It was quiet when we arrived at the pier with only a couple of boats in the area. After a few moments of a quick yoga session by the breakwater, there was a hive of activity at the pier. One boat after another came from the other side of the lake ferrying passengers from students to workers. Other boats in the lake were fishermen tending to their nets and fish farms. This is their version of a rush hour.
I took my time by the lake where there was a thick growth of reeds. I saw plenty of birds in the area, from ducks, egrets even some eagles flying by. I saw a lesser coucal and reed warblers too. It was just challenging to photograph birds when shooting against the light. If I had more time I’m sure there would be more birds living in the dense forest areas near the lake.
Lake Buhi is one of the main sources of livelihood of the municipality. It is evident by the bustling market near the ferry pier. There’s a variety of freshwater fishes found at lake buhi like tilapia, hito, puyo, and dalag to mention a few. But the most popular is the Sinarapan, which was listed by “The Guinness Book of Records” as the smallest commercially-harvested food fish”.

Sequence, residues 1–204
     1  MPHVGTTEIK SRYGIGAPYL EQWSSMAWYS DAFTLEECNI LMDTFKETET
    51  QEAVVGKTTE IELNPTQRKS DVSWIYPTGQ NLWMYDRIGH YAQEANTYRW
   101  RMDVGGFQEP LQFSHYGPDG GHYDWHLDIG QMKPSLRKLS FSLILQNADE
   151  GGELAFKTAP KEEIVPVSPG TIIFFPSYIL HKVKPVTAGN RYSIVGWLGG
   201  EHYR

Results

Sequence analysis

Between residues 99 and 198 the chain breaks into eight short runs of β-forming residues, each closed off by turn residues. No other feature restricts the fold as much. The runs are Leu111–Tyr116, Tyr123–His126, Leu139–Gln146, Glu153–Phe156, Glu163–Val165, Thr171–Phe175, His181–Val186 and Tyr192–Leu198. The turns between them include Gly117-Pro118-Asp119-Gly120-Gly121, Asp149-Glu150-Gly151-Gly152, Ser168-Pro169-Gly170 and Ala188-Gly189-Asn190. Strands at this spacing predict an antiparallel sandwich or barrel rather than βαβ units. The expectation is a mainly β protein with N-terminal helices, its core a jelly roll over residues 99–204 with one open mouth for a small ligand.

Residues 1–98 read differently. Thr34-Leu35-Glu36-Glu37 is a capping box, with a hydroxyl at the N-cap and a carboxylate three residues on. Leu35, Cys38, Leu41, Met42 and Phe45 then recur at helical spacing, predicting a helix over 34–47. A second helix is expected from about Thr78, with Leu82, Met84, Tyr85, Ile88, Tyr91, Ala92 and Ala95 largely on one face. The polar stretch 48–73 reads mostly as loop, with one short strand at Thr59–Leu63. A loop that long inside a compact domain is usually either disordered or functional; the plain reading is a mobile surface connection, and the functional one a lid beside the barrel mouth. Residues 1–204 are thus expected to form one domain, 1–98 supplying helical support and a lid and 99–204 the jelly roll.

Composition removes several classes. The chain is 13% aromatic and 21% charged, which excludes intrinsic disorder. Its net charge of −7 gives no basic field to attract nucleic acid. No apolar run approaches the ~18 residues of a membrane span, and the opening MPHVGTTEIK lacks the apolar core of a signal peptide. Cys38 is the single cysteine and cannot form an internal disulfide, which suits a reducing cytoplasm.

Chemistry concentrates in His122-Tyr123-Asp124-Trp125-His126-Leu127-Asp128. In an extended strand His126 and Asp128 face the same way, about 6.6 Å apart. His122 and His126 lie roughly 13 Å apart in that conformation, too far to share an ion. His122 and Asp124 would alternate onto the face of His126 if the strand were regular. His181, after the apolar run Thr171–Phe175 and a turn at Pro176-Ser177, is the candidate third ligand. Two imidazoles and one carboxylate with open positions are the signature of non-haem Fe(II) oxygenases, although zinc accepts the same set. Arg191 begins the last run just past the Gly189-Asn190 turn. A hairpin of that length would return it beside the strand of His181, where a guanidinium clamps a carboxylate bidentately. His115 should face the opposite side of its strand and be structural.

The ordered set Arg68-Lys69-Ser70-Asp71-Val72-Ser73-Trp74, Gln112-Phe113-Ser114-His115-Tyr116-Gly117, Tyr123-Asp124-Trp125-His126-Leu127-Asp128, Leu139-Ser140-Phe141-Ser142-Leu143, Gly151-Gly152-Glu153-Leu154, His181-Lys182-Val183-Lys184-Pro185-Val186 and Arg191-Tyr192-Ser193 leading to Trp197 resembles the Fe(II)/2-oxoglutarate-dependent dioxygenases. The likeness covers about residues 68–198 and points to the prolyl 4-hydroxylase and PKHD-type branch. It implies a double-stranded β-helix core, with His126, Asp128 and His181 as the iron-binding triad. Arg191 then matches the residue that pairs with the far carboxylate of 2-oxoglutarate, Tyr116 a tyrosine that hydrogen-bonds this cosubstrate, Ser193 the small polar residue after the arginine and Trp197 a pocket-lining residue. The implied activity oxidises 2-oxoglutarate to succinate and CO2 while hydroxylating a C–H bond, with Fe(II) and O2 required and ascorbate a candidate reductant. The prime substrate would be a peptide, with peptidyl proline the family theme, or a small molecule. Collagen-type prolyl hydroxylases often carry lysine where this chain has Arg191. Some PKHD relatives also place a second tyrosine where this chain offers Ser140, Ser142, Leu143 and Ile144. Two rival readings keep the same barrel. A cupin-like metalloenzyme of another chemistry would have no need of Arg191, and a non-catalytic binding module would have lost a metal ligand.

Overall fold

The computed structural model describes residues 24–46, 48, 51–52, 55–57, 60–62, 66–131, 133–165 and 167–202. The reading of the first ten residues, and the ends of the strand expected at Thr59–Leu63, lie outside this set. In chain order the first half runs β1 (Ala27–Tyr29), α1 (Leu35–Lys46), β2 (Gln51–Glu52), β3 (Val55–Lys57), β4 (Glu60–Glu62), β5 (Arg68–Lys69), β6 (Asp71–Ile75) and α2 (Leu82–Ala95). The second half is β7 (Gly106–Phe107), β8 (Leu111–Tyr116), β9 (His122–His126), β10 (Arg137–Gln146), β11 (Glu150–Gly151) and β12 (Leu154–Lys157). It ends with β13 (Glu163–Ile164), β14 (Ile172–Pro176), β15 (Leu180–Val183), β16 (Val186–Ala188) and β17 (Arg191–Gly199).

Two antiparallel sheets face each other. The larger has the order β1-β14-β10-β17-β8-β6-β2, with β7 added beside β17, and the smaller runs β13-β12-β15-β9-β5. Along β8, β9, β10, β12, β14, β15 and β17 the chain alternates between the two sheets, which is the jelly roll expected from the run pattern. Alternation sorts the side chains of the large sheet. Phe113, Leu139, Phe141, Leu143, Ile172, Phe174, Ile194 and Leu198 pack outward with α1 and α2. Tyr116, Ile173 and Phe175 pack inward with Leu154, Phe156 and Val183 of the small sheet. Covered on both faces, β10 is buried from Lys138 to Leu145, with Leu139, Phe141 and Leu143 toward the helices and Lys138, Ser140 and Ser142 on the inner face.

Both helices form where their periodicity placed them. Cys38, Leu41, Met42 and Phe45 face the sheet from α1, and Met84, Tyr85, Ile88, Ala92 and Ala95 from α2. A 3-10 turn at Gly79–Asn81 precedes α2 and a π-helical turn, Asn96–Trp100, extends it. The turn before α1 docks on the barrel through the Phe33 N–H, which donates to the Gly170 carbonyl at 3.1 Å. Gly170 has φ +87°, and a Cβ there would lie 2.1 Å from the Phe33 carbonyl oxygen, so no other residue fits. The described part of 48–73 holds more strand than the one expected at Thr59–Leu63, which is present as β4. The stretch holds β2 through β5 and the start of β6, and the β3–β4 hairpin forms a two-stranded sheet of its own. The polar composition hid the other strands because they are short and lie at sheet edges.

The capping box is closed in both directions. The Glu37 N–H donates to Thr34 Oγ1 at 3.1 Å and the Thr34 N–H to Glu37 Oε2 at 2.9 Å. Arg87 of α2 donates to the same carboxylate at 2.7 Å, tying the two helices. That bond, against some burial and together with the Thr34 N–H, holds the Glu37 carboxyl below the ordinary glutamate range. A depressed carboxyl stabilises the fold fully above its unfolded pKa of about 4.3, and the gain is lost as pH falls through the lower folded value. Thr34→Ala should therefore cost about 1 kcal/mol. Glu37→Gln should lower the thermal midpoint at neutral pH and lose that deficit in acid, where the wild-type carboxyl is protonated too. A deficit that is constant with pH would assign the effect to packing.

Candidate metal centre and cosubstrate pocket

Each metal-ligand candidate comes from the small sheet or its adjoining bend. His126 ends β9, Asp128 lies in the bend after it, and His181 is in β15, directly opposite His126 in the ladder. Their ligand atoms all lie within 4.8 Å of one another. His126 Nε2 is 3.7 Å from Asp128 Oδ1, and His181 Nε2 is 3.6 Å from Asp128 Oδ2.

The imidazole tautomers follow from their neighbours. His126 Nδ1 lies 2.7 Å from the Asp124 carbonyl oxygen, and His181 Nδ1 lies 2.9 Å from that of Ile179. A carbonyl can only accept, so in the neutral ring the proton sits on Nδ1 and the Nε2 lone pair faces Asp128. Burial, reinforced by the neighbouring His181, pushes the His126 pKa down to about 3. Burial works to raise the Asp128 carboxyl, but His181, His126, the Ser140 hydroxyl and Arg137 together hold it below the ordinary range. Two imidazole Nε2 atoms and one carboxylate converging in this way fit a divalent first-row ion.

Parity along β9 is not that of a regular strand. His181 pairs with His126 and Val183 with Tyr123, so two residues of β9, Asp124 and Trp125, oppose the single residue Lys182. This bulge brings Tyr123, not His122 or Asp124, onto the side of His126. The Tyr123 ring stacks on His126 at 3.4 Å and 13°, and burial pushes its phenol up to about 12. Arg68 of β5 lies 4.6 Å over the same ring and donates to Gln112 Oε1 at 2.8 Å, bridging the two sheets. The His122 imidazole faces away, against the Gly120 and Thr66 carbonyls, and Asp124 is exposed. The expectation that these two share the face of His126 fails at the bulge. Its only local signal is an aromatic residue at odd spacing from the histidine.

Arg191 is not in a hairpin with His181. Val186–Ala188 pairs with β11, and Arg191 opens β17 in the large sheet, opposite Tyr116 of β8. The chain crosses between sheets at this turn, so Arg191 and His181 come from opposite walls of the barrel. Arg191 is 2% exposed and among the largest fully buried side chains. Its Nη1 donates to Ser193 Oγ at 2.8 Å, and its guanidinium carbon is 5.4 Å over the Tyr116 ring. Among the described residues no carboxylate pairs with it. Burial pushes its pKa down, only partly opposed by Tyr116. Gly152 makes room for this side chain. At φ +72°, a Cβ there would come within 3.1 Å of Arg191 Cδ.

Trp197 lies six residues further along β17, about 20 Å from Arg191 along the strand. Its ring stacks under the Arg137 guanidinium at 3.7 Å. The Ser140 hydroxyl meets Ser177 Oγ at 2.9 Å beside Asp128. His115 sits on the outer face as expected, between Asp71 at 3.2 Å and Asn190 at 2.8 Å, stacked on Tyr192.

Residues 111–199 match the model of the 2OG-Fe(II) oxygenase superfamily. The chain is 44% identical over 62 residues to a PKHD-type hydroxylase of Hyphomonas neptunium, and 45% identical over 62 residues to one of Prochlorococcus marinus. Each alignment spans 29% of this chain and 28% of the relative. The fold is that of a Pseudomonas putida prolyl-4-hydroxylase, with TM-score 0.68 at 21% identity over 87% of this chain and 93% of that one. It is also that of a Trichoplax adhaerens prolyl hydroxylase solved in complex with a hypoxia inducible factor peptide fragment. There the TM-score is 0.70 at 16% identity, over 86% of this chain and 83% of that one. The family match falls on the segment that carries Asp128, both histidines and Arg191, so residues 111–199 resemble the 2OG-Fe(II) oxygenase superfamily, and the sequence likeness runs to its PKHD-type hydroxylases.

We were able to find vendors selling fresh sinarapan. It was amazingly small on the the tip of my index finger! They are sold in clumps. Can be boiled, baked, or even clumped in squares and dried under the sun.
Aside from fishing, one of the industries Buhi is known for is its Handloom weaving and its hinabol (pronounced as ee-na-buh with silent “l”) fabrics. Handloom weaving is an age-old skill and practice widely even during the 60s in Camarines Sur. It was their way to produce clothes from abaca like the traditional “baro’t saya”, kamisa, and kumot (blanket).
When commercially available clothes and malls came into the province, some of the handloom weavers stopped and dwindled in numbers but Buhi weavers remained committed to their craft. The weavers of Buhi exclaimed that weaving is already part of their life. It is partially a backyard industry. Eventually, their craft evolved and their hinabol were utilized for other wearable items like shoes, blouses, and jackets and accessories like bags.
BOKPA (Buhi One-town, One-Product Key Players Association) brings together local weavers and helps them in terms of managing, marketing, and distributing their products. TPB was also there to lend support and brought their “Marketing Enhancement” SCBT workshop to help the local weavers cope with the times of marketing their products in the digital age.
Buhi isn’t as bemusing now as once was. It has a fascinating history and language, a rich weaving community, is scenic, and nature is still in a good state, and is home to the world’s smallest commercially-harvested fish.
Ferdz Decena is an award-winning travel photographer, writer and blogger. His works has found print in publications such as Singapore Airlines’s Silver Kris, Philippine Airlines’ Mabuhay, Cebu Pacific’s Smile and Seair InFlight. He has also lent his expertise to various organizations like the Oceana Philippines, Lopez Group Foundation, Save the Children and World Vision, contributing quality images for their marketing materials.